HUNTINGTON -- Steel of West Virginia has filed a complaint against an Ohio man, alleging he stole more than $100,000 worth of metal from the company.
SWVA claims Christopher E. Mueller of Ironton, Ohio, trespassed onto its plant located at 17th Street and Second Avenue multiple times between January and June.
While there, Mueller stole property including multiple steel coils, floor plates, I beam sections and industrial forklift sections, according to the complaint filed in federal court.
With the help of others, Mueller loaded the metal onto the back of trucks or trailers and transported it to recycling centers around Huntington, the suit states.
Once at the centers, Mueller would tell employees he had the authority to sell the property and would produce his driver's license while the center took a picture of the property presented, SWVA claims.
The materials Mueller sold to the centers are consistent with the property SWVA is missing, according to the complaint.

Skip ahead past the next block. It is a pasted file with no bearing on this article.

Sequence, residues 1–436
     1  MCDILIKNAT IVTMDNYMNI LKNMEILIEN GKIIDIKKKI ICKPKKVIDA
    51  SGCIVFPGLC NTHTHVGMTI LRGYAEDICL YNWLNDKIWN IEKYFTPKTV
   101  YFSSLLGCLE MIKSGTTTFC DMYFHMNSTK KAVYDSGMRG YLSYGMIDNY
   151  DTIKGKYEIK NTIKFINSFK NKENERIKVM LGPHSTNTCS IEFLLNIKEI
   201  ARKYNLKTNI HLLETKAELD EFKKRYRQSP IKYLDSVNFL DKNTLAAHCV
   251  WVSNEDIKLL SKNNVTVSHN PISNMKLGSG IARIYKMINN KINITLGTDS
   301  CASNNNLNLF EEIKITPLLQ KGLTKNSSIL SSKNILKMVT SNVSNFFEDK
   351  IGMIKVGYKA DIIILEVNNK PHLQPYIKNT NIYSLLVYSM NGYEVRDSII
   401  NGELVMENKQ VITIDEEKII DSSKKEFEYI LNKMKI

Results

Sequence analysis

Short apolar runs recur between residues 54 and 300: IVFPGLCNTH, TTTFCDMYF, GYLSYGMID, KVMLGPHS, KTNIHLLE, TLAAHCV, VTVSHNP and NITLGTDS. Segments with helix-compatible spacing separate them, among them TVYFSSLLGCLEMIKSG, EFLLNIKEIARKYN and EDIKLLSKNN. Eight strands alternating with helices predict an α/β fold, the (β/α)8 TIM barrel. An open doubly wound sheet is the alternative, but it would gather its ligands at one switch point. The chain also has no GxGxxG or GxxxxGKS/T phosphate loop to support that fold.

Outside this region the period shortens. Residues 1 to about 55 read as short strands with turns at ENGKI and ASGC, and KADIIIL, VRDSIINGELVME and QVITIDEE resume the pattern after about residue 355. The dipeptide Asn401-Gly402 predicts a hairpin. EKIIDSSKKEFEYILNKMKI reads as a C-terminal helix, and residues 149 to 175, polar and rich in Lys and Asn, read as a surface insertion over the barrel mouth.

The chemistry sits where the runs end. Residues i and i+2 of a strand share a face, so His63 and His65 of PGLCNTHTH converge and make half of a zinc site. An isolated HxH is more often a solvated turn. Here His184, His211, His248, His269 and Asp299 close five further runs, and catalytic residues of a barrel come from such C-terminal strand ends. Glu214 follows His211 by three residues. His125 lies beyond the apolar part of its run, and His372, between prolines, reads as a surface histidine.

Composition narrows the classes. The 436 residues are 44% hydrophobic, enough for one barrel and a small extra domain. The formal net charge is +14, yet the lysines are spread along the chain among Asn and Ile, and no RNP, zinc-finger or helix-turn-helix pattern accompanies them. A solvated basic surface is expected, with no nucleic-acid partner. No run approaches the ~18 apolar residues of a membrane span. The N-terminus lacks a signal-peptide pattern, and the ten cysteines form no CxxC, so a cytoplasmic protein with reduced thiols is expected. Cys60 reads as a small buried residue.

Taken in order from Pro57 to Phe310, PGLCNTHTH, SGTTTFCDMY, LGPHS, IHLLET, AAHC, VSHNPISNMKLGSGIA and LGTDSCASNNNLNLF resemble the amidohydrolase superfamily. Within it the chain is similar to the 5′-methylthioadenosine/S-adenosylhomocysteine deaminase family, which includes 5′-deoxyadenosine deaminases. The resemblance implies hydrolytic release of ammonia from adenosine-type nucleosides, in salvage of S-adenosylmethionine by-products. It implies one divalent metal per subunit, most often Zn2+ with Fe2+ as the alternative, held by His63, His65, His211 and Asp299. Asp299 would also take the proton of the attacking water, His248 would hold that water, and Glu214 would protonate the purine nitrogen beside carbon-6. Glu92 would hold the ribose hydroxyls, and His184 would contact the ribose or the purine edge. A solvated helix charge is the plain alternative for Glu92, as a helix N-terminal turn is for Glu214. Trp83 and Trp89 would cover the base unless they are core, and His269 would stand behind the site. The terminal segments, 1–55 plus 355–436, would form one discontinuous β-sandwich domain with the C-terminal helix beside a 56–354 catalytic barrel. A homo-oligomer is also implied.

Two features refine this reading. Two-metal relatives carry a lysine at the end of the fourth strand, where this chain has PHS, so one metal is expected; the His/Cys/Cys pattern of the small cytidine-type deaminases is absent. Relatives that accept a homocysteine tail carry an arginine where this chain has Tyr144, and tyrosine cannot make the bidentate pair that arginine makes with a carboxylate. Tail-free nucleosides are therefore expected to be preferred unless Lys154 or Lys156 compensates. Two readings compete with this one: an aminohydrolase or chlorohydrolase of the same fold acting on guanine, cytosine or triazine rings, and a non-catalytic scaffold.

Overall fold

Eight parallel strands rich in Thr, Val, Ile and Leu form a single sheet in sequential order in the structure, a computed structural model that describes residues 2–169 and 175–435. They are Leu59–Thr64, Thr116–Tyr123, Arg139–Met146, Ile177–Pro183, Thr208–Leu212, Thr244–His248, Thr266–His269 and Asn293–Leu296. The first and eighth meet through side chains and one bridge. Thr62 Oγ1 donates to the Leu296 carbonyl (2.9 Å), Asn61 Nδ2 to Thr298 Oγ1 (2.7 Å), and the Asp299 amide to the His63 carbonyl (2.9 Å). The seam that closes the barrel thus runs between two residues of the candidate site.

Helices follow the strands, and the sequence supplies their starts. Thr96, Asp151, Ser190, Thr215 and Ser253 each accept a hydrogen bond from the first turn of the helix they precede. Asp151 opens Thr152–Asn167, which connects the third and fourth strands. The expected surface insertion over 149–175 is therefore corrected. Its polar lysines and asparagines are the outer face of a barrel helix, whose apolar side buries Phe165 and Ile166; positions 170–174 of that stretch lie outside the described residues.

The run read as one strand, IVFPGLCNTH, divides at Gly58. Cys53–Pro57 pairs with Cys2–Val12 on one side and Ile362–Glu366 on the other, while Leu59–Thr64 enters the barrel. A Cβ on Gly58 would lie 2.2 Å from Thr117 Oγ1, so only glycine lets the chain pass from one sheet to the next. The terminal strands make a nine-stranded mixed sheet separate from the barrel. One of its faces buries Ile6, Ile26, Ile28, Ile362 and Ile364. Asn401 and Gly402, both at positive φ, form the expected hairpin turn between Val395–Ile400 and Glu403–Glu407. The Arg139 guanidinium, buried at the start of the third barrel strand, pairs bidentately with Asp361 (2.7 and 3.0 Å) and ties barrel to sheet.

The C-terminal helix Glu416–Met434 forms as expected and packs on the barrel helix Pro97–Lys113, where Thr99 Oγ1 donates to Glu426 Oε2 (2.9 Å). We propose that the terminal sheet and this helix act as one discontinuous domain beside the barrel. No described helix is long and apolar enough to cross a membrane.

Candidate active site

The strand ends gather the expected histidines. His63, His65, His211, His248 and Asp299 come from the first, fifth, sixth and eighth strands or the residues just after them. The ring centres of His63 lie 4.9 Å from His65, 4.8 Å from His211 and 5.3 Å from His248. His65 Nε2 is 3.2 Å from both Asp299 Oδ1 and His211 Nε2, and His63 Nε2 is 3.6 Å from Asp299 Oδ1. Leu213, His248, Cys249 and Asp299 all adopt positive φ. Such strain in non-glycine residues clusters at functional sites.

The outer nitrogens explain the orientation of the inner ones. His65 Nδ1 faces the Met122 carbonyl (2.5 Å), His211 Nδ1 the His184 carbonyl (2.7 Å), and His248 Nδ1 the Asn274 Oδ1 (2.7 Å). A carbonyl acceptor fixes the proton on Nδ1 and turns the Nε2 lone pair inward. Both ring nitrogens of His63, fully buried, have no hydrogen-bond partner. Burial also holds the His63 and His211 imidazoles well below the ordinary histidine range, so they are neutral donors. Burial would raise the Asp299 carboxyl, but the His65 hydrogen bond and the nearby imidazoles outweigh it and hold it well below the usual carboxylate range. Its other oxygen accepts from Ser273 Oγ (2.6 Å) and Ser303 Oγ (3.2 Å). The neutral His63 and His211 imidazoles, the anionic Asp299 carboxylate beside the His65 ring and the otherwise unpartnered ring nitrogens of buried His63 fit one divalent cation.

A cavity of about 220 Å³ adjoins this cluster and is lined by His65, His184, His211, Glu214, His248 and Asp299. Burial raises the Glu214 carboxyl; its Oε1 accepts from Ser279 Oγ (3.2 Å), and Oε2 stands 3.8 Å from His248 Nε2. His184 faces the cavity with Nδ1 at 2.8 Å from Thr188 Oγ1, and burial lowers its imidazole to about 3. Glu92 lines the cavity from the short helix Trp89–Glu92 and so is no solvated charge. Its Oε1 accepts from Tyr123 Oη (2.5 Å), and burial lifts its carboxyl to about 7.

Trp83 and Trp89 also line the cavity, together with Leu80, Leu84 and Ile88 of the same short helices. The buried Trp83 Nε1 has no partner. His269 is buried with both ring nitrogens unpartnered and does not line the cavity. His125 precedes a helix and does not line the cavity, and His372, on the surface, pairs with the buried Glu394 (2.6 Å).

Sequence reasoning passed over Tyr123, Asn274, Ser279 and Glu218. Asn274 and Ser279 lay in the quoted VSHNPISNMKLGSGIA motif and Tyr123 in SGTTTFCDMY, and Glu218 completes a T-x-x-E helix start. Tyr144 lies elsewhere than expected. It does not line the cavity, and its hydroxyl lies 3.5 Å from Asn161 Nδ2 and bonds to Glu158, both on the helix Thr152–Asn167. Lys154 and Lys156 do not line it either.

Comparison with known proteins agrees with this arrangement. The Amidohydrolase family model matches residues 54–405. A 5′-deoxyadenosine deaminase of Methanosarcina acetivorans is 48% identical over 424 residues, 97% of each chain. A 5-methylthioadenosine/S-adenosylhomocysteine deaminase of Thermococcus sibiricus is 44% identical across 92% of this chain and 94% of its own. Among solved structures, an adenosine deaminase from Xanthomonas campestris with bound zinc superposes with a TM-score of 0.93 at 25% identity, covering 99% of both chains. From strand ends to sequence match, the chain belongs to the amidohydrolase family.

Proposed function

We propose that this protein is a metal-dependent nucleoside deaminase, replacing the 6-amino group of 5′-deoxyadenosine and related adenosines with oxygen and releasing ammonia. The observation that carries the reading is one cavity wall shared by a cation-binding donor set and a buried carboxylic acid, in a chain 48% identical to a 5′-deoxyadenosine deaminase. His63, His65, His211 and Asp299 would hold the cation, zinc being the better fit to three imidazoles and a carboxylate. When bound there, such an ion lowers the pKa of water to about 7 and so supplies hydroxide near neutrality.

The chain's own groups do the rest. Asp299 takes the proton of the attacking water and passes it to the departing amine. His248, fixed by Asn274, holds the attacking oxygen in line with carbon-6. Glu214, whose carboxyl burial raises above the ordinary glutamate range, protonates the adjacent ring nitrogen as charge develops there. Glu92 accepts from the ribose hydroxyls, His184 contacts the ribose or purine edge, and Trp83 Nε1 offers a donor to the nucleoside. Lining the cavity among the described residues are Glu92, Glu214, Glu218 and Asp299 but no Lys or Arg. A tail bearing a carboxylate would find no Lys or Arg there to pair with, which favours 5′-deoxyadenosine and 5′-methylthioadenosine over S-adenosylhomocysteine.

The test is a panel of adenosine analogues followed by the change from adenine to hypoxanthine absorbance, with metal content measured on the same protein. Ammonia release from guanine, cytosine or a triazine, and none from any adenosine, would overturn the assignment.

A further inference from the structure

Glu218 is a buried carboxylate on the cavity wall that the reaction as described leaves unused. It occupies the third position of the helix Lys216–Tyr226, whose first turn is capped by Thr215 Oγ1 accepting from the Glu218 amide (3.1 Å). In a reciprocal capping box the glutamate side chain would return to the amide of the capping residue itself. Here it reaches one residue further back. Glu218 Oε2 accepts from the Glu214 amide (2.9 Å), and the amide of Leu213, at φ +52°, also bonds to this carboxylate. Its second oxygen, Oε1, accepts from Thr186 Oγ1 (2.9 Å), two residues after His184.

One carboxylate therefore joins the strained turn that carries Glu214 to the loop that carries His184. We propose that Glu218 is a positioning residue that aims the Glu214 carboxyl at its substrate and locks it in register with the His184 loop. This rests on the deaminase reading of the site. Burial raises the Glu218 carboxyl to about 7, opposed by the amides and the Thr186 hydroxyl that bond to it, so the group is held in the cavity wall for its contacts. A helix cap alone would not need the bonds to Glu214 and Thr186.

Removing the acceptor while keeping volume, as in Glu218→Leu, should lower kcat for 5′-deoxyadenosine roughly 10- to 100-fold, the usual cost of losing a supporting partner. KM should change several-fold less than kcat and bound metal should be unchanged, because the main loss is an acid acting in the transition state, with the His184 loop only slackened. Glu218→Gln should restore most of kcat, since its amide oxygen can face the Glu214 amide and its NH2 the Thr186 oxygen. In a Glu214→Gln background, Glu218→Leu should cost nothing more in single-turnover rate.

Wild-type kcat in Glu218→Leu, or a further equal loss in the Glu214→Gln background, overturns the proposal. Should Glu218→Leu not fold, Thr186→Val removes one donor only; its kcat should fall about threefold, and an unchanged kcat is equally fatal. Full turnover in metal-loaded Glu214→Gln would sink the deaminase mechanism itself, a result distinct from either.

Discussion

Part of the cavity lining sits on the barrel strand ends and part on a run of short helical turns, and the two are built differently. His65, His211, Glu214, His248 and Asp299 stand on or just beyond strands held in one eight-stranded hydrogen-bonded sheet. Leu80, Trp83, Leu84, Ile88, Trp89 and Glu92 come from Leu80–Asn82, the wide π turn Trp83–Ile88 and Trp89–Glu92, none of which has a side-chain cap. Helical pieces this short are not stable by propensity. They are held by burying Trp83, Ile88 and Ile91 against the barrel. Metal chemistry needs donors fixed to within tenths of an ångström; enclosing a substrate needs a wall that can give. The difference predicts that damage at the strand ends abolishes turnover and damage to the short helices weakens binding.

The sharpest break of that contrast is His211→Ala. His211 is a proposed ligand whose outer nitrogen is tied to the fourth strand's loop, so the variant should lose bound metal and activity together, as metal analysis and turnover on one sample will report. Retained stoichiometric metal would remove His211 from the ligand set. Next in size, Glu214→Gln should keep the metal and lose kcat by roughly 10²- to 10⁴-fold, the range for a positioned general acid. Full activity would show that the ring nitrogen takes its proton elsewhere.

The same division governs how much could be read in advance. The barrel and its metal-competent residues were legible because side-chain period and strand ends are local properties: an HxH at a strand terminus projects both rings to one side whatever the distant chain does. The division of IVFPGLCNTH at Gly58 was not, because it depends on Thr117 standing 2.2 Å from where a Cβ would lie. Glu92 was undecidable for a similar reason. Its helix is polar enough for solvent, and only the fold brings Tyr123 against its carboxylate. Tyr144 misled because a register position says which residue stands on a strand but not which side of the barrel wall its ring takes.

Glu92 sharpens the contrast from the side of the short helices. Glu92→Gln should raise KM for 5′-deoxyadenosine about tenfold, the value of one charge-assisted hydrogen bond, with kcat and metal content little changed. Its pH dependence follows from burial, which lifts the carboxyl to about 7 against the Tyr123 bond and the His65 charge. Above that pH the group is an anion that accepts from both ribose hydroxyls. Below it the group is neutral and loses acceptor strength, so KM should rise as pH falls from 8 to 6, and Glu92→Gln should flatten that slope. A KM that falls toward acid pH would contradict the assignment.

"The losses resulting from defendant's conversion and sale of SWVA's property to recycling centers caused SWVA to incur replacement costs in excess of $110,000.00, administrative costs related to such replacement of approximately $10,000, and investigative costs, including detective services, cameras, video equipment, and lost production resulting from the investigation, in excess of $100,000," the suit states.
One of the ways SWVA found Mueller was through the license he had to leave at the recycling center when he sold the metal, said Thomas E. Scarr, the attorney for the company.
Mueller wrongly made money from the sale of SWVA's property, the company claims.
SWVA is seeking compensatory damages including replacement costs at a minimum of $100,000, administrative costs of approximately $10,000 and investigative costs in excess of $100,000.
The company is also seeking unspecified punitive damages and other relief the court deems proper.
SWVA will be represented by Scarr of Jenkins Fenstermaker in Huntington.
Despite a rash of metal and copper theft in the past year, there are no similar cases of which Scarr is aware, he said.
U.S. District Court case number: 3:08-1254